Of the many Japanese games I've played, there are surprisingly few titles that tackle Japan as a subject, particularly with regard to history. Sure, the likes of Sengoku BASARA and Way of the Samurai are set during the time of the samurai, but their view of the events that shaped the nation is deliberately skewed, cheerfully warped into fun-house angles, rather than examined through a magnifying glass. Besides the eternal Nobunaga's Ambition franchise, I've yet to find a "realistic" Japanese history game.
Which is where the foreigners come in. Specifically, a bunch of happy history buffs located Horsham, the United Kingdom. Known as The Creative Assembly, they lit the landscape of strategy games in 2000 like the rising sun does to Glorious Nippon, with Shogun: Total War. Their hybrid of turn-based nation-building and real-time warfare delighted fans of both medieval warfare and Sengoku-period Japan alike.
Since then they've taken their Total War formula global, visiting ancient Rome, doing two tours in middle-age Europe, and stumbling about in the gunpowder age
Now with Total War: Shogun 2, they're back home in Japan. And from the looks of it, this is where their heart is.
Total War: Shogun 2 (PC)
To be frank, had I not known that the developers were from the UK, I'd have thought this to be a game made by native Japanese, a lovely tribute to their country's greatness. Well, it still is a lovely paean to Japan's greatness, and it's clear that The Creative Assembly understand what it takes to capture that soul, aesthetically and mechanically.
Veterans of the franchise will recognize that Total War stamp over much of the basic gameplay. They'll pick a faction drawn from a "Who's Who" list of Sengoku-era clans, which will determine their starting locations as well as opening bonuses. The Oda's masterful use of lowly foot soldiers grant bonuses to those units in battle, and the Takeda are feared for their mighty cavalry charge. The aggressive spirit of the Date clan is shown in the viciousness of its nodachi-wielding samurai, and the Shimazu's noble bloodline attracts the strongest swordsmen and most loyal generals. Differences such as those give the game an authentic feeling, lending every clan a distinct character and strategic outlook.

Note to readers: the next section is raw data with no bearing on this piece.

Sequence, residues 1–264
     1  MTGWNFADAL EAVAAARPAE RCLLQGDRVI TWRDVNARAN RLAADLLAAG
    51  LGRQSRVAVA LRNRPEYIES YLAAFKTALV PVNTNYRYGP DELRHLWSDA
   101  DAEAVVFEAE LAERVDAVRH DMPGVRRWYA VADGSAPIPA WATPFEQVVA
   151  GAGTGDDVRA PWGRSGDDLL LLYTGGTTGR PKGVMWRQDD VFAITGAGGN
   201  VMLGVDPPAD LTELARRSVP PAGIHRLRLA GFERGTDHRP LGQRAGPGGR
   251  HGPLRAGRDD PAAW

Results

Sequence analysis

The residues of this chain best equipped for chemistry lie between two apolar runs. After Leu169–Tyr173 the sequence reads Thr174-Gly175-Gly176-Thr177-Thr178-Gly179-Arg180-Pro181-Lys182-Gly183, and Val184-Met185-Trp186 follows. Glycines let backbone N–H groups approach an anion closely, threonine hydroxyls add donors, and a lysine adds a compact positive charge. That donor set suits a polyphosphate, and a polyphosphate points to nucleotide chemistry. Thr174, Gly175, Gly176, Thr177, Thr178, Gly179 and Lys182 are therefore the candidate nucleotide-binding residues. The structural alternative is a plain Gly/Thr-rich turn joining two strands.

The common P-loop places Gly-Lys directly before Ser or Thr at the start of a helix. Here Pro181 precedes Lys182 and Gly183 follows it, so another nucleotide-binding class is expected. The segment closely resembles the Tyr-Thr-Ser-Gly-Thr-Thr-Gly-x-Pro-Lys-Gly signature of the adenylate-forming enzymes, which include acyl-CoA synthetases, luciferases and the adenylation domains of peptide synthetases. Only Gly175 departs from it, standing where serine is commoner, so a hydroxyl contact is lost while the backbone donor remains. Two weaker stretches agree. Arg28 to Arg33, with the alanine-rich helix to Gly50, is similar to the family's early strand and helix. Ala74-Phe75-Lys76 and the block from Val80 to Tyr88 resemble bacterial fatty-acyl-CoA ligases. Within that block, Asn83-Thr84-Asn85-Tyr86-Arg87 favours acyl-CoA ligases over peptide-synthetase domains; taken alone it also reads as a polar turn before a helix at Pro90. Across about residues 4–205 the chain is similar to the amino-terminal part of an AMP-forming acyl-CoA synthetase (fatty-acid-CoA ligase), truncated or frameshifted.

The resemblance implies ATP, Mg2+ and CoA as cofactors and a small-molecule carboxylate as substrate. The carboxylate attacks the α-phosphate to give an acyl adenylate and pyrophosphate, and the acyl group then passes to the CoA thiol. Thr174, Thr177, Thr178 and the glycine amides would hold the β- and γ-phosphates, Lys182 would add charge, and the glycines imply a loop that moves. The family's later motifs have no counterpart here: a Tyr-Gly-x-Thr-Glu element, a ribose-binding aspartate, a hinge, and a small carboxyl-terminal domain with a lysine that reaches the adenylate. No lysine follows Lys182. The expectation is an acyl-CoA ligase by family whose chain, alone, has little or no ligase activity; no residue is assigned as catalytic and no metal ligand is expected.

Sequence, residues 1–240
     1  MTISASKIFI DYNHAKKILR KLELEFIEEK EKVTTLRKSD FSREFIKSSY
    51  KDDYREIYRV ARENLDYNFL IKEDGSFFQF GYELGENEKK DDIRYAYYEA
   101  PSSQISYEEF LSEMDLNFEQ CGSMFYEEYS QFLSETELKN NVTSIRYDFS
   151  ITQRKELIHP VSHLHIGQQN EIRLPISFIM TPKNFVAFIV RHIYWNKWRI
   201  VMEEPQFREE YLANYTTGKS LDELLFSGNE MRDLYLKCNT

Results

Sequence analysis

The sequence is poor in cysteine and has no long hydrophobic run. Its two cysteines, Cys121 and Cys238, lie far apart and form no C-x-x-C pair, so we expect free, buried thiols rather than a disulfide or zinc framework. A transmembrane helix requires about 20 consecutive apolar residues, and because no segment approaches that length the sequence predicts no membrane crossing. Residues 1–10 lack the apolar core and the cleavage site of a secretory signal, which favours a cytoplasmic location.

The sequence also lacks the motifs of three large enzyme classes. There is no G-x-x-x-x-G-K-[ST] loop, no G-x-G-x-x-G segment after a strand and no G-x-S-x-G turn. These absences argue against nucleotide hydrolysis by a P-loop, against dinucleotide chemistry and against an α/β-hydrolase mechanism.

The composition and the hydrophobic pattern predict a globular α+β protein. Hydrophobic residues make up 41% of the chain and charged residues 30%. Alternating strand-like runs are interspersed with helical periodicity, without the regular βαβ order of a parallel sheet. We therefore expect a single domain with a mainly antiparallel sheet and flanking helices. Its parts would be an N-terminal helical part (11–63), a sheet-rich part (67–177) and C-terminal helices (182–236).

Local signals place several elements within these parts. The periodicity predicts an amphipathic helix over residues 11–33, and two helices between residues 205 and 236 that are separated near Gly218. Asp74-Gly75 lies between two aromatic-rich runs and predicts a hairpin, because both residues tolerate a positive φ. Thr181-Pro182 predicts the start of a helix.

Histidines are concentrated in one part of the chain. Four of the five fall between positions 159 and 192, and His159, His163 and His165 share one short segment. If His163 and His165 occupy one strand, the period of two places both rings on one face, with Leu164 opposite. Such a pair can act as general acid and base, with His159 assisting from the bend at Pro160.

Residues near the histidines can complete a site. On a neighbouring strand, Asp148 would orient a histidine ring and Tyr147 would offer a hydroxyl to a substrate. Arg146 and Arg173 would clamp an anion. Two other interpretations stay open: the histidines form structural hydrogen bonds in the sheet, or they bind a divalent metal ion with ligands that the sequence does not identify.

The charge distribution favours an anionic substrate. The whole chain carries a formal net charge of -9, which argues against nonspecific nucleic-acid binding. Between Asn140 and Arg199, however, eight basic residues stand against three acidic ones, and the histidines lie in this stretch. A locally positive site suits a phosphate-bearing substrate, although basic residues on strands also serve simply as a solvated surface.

That distinctly Japanese flavor, though, comes in the form of "Mastery of the Arts", a special, tech-tree like table governing access to certain buildings, bonuses, and units. Divided into the ways of "Bushido" and "Chi", mastering the two paths confers benefits on the tactical and strategic level, putting the daimyo in charge of his clan's growth. Will unlocking the Sake Den (and the availability of ninja) earlier help the clan subvert its enemies, or will building Buddhist Temples to gain the use of fearsome warrior-monks allow for more glory on the battlefield? Managing priorities in that fashion can make every step along the path to Kyoto feel unique.
And Kyoto is always the end destination. The heart of the shogunate and seat of the emperor, every campaign has taking its massive citadel and holding it for a year as the final objective. After all, you're out to become shogun, not fool around in the sticks like a mountain monkey. The trick, of course, is in how to get there.
After all, the age being that of the "Warring States", and the franchise title being Total War, Shogun 2 is pretty much sending your state to war against their states. Diplomacy is for buying time and friends to use as stepping stones to the shogunate. That said, diplomacy actually works this time. Neighbors and rivals alike will (generally) react in a logical manner, waiting for a reasonably good opportunity to stab you in the back (or not, as your clan's "honor" serves as a critical factor in opening negotiations).